Resonance Energy Transfer in Upconversion Nanoplatforms for Selective Biodetection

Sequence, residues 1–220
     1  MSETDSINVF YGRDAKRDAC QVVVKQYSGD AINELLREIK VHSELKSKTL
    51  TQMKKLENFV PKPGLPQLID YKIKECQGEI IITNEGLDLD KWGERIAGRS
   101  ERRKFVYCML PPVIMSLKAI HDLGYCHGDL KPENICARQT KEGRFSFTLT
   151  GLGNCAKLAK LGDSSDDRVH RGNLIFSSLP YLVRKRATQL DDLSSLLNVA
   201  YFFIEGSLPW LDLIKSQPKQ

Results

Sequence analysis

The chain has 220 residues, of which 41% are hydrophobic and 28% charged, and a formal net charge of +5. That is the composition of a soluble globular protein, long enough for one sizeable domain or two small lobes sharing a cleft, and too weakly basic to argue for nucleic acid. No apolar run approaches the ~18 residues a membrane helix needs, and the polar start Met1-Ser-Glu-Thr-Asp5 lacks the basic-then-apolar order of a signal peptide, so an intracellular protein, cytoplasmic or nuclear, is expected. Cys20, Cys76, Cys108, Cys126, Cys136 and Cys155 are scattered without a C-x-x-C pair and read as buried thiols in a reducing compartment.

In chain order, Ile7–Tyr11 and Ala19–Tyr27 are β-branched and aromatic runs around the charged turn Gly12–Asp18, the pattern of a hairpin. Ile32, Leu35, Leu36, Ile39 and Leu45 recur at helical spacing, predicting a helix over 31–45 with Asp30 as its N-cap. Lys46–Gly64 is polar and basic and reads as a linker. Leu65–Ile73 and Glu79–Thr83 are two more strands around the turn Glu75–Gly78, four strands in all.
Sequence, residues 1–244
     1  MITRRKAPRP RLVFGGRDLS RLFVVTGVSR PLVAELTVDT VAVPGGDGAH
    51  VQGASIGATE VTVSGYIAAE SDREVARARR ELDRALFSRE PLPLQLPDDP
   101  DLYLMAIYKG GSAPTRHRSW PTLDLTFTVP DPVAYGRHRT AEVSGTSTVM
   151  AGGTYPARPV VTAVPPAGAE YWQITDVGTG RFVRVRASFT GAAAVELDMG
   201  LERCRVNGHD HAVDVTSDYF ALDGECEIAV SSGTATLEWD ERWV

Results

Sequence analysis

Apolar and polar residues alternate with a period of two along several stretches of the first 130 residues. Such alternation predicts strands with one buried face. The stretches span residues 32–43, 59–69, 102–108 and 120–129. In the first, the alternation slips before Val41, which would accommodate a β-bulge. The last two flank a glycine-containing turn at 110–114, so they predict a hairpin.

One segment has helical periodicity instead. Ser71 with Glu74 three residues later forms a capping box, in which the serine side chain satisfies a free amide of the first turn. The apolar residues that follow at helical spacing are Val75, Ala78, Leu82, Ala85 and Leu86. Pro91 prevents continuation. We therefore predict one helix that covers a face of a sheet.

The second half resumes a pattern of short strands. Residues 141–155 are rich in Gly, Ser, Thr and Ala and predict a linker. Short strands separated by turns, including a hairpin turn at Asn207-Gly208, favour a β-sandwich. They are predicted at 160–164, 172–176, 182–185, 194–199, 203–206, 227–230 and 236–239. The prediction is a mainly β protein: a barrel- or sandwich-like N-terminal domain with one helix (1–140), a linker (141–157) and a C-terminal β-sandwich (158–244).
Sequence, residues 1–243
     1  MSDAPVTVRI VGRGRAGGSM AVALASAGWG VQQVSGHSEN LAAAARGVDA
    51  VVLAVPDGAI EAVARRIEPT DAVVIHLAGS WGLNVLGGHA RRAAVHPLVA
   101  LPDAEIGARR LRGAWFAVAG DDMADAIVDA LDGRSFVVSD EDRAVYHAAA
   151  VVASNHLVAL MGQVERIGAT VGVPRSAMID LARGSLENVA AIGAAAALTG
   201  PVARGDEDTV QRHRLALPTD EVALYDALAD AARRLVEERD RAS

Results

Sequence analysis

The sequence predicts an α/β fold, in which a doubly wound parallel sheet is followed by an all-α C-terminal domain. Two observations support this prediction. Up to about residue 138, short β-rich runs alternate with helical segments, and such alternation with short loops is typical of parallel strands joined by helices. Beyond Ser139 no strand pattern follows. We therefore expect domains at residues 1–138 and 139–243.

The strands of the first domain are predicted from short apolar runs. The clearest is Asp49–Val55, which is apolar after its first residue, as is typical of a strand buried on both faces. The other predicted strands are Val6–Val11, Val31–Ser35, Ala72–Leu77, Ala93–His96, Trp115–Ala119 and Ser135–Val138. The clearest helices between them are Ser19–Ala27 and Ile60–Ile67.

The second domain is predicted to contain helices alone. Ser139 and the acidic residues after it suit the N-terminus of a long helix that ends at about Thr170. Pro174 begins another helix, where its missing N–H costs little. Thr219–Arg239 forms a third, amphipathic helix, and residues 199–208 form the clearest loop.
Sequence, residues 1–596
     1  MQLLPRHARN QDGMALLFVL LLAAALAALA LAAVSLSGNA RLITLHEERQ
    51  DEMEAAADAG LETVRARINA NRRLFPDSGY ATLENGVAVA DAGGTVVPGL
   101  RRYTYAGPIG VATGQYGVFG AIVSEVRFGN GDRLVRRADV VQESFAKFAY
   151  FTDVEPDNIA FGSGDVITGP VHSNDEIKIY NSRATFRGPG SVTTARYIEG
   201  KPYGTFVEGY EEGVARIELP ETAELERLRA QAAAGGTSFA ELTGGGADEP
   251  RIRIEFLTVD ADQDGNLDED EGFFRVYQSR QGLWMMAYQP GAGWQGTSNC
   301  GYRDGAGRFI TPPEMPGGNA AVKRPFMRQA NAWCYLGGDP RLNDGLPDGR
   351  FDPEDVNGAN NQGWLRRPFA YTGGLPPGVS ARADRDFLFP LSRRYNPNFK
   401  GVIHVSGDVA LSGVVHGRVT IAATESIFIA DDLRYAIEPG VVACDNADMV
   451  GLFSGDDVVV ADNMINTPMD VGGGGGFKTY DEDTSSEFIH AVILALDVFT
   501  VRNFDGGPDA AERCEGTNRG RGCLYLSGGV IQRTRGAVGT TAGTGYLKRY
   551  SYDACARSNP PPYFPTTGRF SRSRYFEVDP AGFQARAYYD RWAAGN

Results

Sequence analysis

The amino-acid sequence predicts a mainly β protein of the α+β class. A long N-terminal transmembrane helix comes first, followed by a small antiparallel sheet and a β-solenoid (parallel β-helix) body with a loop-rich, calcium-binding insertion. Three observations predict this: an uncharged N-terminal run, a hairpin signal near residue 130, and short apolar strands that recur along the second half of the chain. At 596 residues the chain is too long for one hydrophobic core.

Conspectus Resonance energy transfer (RET) describes the process that energy is transferred from an excited donor to an acceptor molecule, leading to a reduction in the fluorescence emission intensity of the donor and an increase in that of the acceptor. By this technique, measurements with the good sensitivity can be made about distance within 1 to 10 nm under physiological conditions. For this reason, the RET technique has been widely used in polymer science, biochemistry, and structural biology. Recently, a number of RET systems incorporated with nanoparticles, such as quantum dots, gold nanoparticles, and upconversion nanoparticles, have been developed. These nanocrystals retain their optical superiority and can act as either a donor or a quencher, thereby enhancing the performance of RET systems and providing more opportunities in excitation wavelength selection. Notably, lanthanide-doped upconversion nanophosphors (UCNPs) have attracted considerable attention due to their inherent advantages of large anti-Stoke shifts, long luminescence lifetimes, and absence of autofluorescence under low energy near-infrared (NIR) light excitation. These nanoparticles are promising for the biodetection of various types of analytes. Undoubtedly, the developments of those applications usually rely on resonance energy transfer, which could be regarded as a flexible technology to mediate energy transfer from upconversion phosphor to acceptor for the design of luminescent functional nanoplatforms. Currently, researchers have developed many RET-based upconversion nanosystems (RET-UCNP) that respond to specific changes in the biological environments. Specifically, small organic molecules, biological molecules, metal–organic complexes, or inorganic nanoparticles were carefully selected and bound to the surface of upconversion nanoparticles for the preparation of RET-UCNP nanosystems. Benefiting from the advantage and versatility offered by this technology, the research of RET-based upconversion nanomaterials should have significant implications for advanced biomedical applications. It should be noted that energy transfer in a UCNP based nanosystem is most often related to resonance energy transfer but that reabsorption (and maybe other energy transfer processes) may also play an important role and that more studies regarding the fundamental aspects for energy transfer with UCNPs is necessary. In this Account, we present an overview of recent advances in RET-based upconversion nanocomposites for biodetection with a particular focus on our own work. We have designed a series of upconversion nanoplatforms with remarkably high versatility for different applications. The experience gained from our strategic design and experimental investigations will allow for the construction of next-generation luminescent nanoplatform with marked improvements in their performance. The key aspects of this Account include fundamental principles, design and preparation strategies, biodetection in vitro and in vivo , future opportunities, and challenges of RET-UCNP nanosystems. Graphic Abstract
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